By: Heinz Brisske
On June 12, 2014, the United States Supreme Court held that inherited IRAs are not “retirement funds” and therefore not protected from creditors (Clark, et ux v. Rameker, 573 U.S. (204)). Although this development presents a serious risk for clients, it also presents a planning opportunity for their financial advisors.

How Protecting Inherited IRAs in a Trust Benefits Financial Advisors
If a retirement account is seized in a lawsuit, spent down on frivolities, or wrangled from a beneficiary by a predator, those assets leave the advisor’s management. On the other hand, if assets remain protected in trust, they remain under the advisor’s management for a lifetime.

The change in law provides a legitimate reason to contact your clients, review assets, and determine whether there are retirement accounts not yet under your management.
When you spot a vulnerability, you provide more value and increase your clients’ confidence in your relationship.
In the absence of creditor problems now or in the future, a trust can assure the fullest application of the power of stretch distributions.
The financial advisor is in a position to continue providing management and advice to the beneficiaries.

What Kind of Trust is Appropriate to Protect Inherited IRAs?
By far the best option for protecting retirement accounts is to create a Standalone Retirement Trust (SRT) for the benefit of all of the intended beneficiaries. If properly drafted, this type of trust offers the following advantages:

Protects the inherited retirement account from beneficiaries’ creditors as well as predators and lawsuits;
Ensures that the inherited retirement account remains in the family bloodline and out of the hands of a beneficiary’s spouse, or soon-to-be ex-spouse;
Allows for experienced investment management and oversight of the retirement account assets by a professional trustee;
Prevents the beneficiary from gambling away the inherited retirement account or blowing it all on exotic vacations, expensive jewelry, designer shoes, and fast cars;
Enables proper planning for a special needs beneficiary;
Permits minor beneficiaries such as grandchildren to be immediate beneficiaries of the inherited IRA without the need for a court-supervised guardianship; and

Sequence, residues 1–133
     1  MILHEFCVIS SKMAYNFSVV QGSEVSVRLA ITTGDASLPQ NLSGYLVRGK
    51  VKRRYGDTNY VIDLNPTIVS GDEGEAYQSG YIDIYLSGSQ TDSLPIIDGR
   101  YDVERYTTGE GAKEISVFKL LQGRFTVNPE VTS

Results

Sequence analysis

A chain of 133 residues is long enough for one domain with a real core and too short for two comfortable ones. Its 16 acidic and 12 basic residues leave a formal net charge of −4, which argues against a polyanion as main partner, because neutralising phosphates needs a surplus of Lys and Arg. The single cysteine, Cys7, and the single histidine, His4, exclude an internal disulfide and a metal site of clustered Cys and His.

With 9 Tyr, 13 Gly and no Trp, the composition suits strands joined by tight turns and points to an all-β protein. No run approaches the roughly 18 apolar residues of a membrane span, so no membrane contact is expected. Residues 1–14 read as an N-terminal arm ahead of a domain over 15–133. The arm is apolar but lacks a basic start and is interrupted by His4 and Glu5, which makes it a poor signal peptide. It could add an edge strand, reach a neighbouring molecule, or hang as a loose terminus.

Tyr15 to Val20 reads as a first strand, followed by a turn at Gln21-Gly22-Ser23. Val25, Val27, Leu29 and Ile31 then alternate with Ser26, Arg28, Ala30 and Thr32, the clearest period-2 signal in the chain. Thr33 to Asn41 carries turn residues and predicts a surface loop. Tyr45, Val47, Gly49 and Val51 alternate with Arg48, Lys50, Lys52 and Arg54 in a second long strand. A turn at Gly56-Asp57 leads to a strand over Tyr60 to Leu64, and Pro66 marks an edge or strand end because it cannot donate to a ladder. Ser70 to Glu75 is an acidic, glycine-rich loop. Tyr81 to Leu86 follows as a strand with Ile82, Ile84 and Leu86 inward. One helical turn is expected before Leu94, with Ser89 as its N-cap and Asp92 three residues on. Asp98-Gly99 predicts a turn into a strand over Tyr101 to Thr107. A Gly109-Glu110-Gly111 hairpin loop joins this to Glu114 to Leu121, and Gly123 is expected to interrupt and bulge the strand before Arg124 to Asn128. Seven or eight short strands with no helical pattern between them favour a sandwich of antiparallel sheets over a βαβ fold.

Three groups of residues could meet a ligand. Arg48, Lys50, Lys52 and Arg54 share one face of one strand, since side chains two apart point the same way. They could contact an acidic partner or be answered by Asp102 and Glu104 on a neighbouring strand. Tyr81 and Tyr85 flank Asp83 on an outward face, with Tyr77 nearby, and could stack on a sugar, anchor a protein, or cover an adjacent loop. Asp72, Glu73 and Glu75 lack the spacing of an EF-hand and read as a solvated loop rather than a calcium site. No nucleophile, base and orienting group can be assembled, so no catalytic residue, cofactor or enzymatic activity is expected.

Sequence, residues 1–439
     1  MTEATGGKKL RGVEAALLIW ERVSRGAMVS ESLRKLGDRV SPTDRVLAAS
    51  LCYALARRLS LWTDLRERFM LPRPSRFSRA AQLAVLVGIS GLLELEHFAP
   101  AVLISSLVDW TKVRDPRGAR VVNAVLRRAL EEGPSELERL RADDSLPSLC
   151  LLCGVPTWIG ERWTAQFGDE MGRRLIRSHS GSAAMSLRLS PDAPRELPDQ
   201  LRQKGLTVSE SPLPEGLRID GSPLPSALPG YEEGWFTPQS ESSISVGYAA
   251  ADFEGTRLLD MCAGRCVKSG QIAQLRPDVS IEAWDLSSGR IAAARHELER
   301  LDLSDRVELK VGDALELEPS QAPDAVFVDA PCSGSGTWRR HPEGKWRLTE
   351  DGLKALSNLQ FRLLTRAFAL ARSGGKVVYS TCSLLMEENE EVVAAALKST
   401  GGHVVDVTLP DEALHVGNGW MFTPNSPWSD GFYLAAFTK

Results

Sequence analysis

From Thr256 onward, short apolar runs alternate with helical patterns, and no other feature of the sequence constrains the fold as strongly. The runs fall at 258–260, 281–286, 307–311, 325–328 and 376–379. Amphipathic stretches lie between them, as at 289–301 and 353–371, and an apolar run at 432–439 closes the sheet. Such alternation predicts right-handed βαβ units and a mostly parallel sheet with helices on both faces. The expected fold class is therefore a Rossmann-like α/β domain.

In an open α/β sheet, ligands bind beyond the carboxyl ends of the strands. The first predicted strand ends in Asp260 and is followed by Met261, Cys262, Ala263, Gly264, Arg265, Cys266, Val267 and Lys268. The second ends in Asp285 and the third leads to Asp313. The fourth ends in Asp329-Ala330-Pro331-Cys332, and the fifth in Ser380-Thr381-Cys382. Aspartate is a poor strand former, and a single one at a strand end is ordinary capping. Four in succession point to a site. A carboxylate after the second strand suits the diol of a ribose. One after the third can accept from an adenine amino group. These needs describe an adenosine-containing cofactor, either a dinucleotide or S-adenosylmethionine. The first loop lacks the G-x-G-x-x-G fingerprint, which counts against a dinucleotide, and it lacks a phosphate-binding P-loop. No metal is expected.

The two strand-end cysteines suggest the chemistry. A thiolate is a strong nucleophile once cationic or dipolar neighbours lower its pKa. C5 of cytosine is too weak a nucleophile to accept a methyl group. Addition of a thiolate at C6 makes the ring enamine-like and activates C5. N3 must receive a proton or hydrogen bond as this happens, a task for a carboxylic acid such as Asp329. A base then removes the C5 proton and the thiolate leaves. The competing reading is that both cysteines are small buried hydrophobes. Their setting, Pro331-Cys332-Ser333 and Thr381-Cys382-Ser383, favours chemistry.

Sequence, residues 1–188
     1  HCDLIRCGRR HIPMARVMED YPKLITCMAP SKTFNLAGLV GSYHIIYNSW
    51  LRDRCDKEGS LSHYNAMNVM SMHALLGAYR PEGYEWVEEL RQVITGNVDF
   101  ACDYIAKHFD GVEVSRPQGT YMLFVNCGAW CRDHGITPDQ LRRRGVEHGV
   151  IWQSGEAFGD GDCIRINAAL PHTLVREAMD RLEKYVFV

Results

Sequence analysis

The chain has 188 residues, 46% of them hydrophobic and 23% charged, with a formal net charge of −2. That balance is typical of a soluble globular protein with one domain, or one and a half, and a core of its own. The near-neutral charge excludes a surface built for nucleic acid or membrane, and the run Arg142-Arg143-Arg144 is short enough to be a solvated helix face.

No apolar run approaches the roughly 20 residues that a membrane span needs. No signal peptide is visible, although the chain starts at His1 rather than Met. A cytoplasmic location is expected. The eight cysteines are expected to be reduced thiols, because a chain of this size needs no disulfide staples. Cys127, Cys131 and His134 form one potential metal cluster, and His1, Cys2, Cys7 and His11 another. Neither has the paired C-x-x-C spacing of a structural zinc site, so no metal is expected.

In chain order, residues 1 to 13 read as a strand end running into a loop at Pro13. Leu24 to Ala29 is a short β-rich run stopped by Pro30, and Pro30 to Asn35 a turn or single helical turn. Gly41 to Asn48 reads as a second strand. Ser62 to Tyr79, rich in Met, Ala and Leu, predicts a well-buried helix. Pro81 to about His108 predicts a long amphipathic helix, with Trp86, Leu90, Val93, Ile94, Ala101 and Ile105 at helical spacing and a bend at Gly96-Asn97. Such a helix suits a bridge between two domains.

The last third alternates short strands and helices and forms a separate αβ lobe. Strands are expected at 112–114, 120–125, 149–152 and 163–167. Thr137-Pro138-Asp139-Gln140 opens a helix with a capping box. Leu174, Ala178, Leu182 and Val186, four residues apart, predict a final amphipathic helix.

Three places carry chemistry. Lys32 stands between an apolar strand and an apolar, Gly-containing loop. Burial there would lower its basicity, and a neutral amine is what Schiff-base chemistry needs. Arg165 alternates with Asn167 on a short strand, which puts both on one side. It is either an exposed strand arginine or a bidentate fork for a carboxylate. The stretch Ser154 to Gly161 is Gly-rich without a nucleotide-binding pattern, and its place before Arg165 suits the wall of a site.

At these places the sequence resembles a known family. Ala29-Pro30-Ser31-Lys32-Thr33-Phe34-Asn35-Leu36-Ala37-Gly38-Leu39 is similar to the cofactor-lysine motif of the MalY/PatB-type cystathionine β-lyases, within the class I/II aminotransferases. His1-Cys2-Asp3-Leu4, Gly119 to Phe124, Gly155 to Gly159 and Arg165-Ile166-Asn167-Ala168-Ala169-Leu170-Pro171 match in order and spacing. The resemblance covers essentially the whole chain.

Facilitates generation-skipping transfer tax planning to ensure that estate taxes are minimized or even eliminated at each generation.

Planning Tip: Additional value is created when provisions are made for the benefit of a spouse. This may be important for many reasons aside from creditor protection, including a second marriage with a blended family or, when coupled with disclaimer planning for a spouse who eventually needs nursing home care and seeks to qualify for Medicaid. A layered retirement account beneficiary designation which includes a Standalone Retirement Trust and disclaimer planning can offer a great deal of flexibility for clients who want to ensure that their hard-saved retirement funds stay in their family’s hands and out of the hands of creditors and predators.

What about the “Stretch”?
Stretch distributions is a term that applies to the beneficiary’s ability to “stretch” distributions over his or her life expectancy. Generally, the IRS provides that a named individual beneficiary can, in effect, annuitize distributions for an extended period, determined by IRS tables available for that purpose. Naming an individual beneficiary, however, often provides too great a temptation “never to touch” the inherited retirement account, and the “best-laid plans” can go astray. The required minimum distribution of an inherited IRA or retirement plan actually begins as a very small percentage, but just a little bit extra taken from time to time will destroy the accumulation and tax deferral power.

If the retirement account or IRA is in a trust, an independent Trustee is in charge of the distributions, rather than the individual beneficiary. If properly drafted, an SRT qualifies as an individual for distribution purposes, so that the trust qualifies to “stretch” the distributions over the trust beneficiary’s lifetime, while still being protected within the trust. Because distributions are determined by a Trustee, it is far more likely the the inherited IRA will actually fulfill its purpose of providing for a lifetime of distributions to the beneficiary.

The Bottom Line: Protecting Inherited Retirement Assets
Given the amount of wealth held inside retirement accounts, planners must become adept at helping their clients figure out who or what to name as the beneficiary of these assets. The change in law has amplified the need to become knowledgeable about the pros and cons of all of beneficiary choices for retirement assets. An SRT should definitely be one of the choices under consideration as beneficiary of an IRA or other retirement asset.

SRTs are certainly not one-size-fits-all planning and can only be done on an individual, case-by-case basis. We are here to answer your questions about protecting beneficiaries of retirement accounts through Standalone Retirement Trusts, disclaimer planning, and layered beneficiary designations. Feel free to call with questions; we’re always happy to help.